What I’m curious about lately is the concept of earning to save up to give. At the time of writing, the rate of return on US treasury bills is 1.53%. US treasury bills are considered to be practically riskless – you get a return on your investment no matter what happens to the economy. Assuming that this rate of return and the $2,300 figure both stay constant, what this means is that by holding off on donating your $150,000 for five years, you expect to be able to donate about $11,830 more, which corresponds to saving 5 extra lives. And if you hold off for twenty years, you will be able to save 23 more lives!
If you choose to take on bigger risk, you can do even better than this. Instead of investing in treasury bills, you could put your money into a diversified portfolio of stocks and expect to get a rate of return of around 7% (the average annualized total return of the S&P 500 for the past 90 years, adjusted for inflation). Now you run the risk of the stock market being in a slump at the end of five years, but even if that happens you can just wait it out longer until the market rises again. In general, as your time horizon for when you’re willing to withdraw your investment expands, your risk drops. If you invest your $150,000 in stocks and withdraw after five years, you expect to save an extra 26 lives than you would by donating right away!
In general, you can choose your desired level of risk and get the best available rate of return by investing in an appropriate linear combination of treasury bills and stocks. And if you want a higher rate of return than 7%, you can take on more risk by leveraging the market (short selling the risk-free asset and using the money to invest more in stocks). In this model, the plan for maximizing charitable giving would be to continuously invest your income at your chosen level of risk, donating nothing until some later date at which time you make an enormous contribution to your choice of top effective charities. In an extreme case, you could hold off on donations your entire life and then finally make the donation in your will!
Alright, so let’s discuss some factors in favor and against this plan.
Factors in favor
Decreasing moral and factual uncertainty
Shrinking frontier of low hanging fruit
Personal moral regression
Compounding interest and vanishing low hanging fruits
First, and most obviously, waiting to give means more money, and more money means more lives. And since your investment grows exponentially, being sufficiently patient can mean large increases in amount donated and lives saved. There’s a wrinkle in this argument though. While your money grows with time, it might be that the effective cost of improving the world grows even quicker. This could result from the steady improvement of the world: problems are getting solved and low hanging altruistic fruits are being taken one at a time, leaving us with a set of problems that take more money to solve, making them less effective in terms of impact per dollar donated. If the benefit of waiting is a 5% annual return on your investment, but the cost is a 6% decrease in the effective number of lives saved per dollar donated, then it is best to donate as soon as possible, so as to ensure that your dollars have the greatest impact.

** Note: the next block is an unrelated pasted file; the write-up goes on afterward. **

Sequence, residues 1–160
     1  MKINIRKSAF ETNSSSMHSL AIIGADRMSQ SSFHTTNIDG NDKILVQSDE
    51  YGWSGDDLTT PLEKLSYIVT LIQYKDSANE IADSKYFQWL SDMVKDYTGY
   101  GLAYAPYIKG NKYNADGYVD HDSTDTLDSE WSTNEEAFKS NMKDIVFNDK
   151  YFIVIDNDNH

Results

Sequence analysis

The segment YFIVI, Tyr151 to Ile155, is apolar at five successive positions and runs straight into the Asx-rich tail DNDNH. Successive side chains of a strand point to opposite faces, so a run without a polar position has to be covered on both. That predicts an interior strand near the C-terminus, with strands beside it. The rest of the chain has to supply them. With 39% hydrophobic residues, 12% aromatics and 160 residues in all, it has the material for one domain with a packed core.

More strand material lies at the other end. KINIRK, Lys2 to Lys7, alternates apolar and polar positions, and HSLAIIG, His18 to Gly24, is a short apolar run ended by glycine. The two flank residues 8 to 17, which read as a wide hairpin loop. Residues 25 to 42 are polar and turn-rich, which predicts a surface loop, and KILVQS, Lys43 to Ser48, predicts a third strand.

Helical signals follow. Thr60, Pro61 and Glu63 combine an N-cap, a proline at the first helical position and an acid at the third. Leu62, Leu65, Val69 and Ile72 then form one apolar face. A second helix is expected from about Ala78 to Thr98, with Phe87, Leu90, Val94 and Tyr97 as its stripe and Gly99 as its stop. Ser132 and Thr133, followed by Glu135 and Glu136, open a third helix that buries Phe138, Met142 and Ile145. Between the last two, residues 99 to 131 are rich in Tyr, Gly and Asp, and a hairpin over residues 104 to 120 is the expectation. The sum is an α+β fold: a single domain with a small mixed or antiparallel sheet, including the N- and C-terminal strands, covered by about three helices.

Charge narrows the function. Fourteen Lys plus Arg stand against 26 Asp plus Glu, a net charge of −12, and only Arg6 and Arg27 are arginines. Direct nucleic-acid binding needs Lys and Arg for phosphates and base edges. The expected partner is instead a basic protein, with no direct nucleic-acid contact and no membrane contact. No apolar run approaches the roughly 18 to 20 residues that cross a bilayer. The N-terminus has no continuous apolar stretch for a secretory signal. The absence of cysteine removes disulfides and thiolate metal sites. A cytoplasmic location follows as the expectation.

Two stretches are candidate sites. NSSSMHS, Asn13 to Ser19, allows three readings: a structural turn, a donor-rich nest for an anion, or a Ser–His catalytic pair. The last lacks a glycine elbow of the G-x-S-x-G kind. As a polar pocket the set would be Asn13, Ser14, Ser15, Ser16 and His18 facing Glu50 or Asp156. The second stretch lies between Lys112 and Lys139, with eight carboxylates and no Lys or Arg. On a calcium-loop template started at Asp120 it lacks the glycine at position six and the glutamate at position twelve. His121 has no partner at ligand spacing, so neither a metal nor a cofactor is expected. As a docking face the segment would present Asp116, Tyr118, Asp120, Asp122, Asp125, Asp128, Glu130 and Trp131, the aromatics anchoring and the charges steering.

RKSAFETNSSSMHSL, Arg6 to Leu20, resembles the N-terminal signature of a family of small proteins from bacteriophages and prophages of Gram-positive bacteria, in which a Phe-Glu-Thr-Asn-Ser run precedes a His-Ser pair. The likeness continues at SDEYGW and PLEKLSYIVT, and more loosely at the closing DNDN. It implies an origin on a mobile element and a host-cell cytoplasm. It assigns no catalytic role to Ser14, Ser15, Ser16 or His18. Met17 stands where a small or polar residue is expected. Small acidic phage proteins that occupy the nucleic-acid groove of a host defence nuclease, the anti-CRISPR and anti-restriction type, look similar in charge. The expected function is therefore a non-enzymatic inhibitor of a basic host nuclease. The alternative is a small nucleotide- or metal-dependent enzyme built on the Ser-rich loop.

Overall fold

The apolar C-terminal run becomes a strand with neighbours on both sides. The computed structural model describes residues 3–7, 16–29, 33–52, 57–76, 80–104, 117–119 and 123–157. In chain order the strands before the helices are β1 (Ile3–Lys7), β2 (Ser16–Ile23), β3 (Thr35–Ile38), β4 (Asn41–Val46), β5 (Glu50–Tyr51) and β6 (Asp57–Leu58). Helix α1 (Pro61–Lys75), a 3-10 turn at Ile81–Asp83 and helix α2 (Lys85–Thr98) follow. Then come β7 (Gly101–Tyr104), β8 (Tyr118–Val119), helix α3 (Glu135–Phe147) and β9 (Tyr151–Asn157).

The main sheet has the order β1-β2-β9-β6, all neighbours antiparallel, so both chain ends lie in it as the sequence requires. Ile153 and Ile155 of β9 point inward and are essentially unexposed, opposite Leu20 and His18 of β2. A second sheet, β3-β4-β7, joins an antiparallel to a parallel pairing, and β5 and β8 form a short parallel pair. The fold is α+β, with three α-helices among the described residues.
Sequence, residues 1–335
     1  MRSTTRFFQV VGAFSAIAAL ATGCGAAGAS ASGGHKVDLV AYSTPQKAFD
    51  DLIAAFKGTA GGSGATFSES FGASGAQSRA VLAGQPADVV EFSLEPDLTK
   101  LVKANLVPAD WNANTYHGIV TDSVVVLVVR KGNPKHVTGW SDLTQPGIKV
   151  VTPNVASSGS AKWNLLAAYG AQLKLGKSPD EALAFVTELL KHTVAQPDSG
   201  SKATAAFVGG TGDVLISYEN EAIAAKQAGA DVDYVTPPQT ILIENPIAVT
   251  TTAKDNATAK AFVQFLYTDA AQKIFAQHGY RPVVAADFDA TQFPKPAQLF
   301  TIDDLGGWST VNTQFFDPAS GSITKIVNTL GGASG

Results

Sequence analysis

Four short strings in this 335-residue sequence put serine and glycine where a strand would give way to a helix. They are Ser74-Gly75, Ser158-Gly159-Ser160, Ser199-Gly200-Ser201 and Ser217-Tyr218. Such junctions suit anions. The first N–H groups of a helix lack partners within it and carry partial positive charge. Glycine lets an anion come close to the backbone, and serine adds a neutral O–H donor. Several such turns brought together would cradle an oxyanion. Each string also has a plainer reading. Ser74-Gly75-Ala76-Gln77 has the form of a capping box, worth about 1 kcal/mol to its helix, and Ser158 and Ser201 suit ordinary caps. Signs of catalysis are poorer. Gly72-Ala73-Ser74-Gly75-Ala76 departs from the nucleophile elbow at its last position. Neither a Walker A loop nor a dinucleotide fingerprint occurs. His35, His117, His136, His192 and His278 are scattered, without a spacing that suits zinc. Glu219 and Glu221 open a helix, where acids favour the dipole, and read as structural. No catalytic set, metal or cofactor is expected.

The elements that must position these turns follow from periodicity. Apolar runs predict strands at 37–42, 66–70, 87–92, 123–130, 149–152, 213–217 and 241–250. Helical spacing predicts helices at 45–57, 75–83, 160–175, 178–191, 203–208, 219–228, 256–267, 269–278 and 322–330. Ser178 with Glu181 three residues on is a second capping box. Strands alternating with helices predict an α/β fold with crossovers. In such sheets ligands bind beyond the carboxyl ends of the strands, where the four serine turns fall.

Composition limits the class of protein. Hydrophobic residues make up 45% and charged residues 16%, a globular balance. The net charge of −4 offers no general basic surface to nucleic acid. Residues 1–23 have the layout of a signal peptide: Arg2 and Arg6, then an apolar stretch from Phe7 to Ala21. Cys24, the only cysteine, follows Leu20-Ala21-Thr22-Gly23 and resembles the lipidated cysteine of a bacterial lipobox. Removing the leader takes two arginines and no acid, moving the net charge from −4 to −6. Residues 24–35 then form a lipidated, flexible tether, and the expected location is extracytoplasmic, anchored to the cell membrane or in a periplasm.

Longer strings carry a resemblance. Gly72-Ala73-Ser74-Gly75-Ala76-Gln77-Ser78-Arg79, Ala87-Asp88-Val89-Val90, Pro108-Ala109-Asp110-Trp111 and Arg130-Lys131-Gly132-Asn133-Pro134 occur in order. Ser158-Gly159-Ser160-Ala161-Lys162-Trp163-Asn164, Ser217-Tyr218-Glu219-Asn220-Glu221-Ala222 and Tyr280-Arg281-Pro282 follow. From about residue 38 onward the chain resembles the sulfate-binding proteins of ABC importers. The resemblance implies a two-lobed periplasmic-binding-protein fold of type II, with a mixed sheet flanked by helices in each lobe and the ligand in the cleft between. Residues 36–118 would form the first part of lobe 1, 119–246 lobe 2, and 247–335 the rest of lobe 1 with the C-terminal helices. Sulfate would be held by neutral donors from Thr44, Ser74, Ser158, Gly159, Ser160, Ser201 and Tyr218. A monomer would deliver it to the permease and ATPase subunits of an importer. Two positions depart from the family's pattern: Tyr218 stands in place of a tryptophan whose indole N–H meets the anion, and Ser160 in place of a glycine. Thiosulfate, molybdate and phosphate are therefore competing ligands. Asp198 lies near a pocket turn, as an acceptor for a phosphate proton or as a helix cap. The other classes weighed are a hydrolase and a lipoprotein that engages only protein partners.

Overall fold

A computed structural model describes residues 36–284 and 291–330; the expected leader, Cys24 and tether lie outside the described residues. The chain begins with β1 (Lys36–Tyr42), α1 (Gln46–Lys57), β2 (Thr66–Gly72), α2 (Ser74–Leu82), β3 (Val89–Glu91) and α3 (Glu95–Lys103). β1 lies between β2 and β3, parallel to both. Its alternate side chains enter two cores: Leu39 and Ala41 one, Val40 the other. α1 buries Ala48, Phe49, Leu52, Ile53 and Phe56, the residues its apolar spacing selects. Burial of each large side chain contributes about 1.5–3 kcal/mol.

Estimates of the trends in effectiveness of top charities are hard to come by, but crucially important for deciding when to give and when to wait.
Moral and factual uncertainty
Say that today you donate 50,000 dollars to Charity X, and tomorrow an exposé comes out revealing that this charity is actually significantly less effective than previously estimated. That money is gone now, and you can’t redirect it to a better charity in response to this new information. But if you had waited to donate, you would be able to respond and more accurately target your money to the most effective charities. The longer you wait to donate, the more time there is to gather the relevant data, analyze it, and come to accurate conclusions about the effectiveness of charities. This is a huge benefit of waiting to give.
That was an example of factual uncertainty. You might also be concerned about moral uncertainty, and think that in the future you will have better values than today. For instance, you may think that your future values, after having had more time to reflect and consider new arguments, will be more rational and coherent than your current values. This jumps straight into tricky meta-ethical territory; if you are a moral realist then it makes sense to talk about improving your values, but as a non-realist this is harder to make sense of. Regardless, there certainly is a very common intuition that individuals can make moral progress, and that we can “improve our values” by thinking deeply about ethics.
William MacAskill has talked about a related concept, applied on a broader civilizational level. Here’s a quote from his 80,000 Hours interview:
Different people have different sets of values. They might have very different views for what an optimal future looks like. What we really want ideally is a convergent goal between different sorts of values so that we can all say, “Look, this is the thing that we’re all getting behind that we’re trying to ensure that humanity…” Kind of like this is the purpose of civilization. The issue, if you think about purpose of civilization, is just so much disagreement. Maybe there’s something we can aim for that all sorts of different value systems will agree is good. Then, that means we can really get coordination in aiming for that.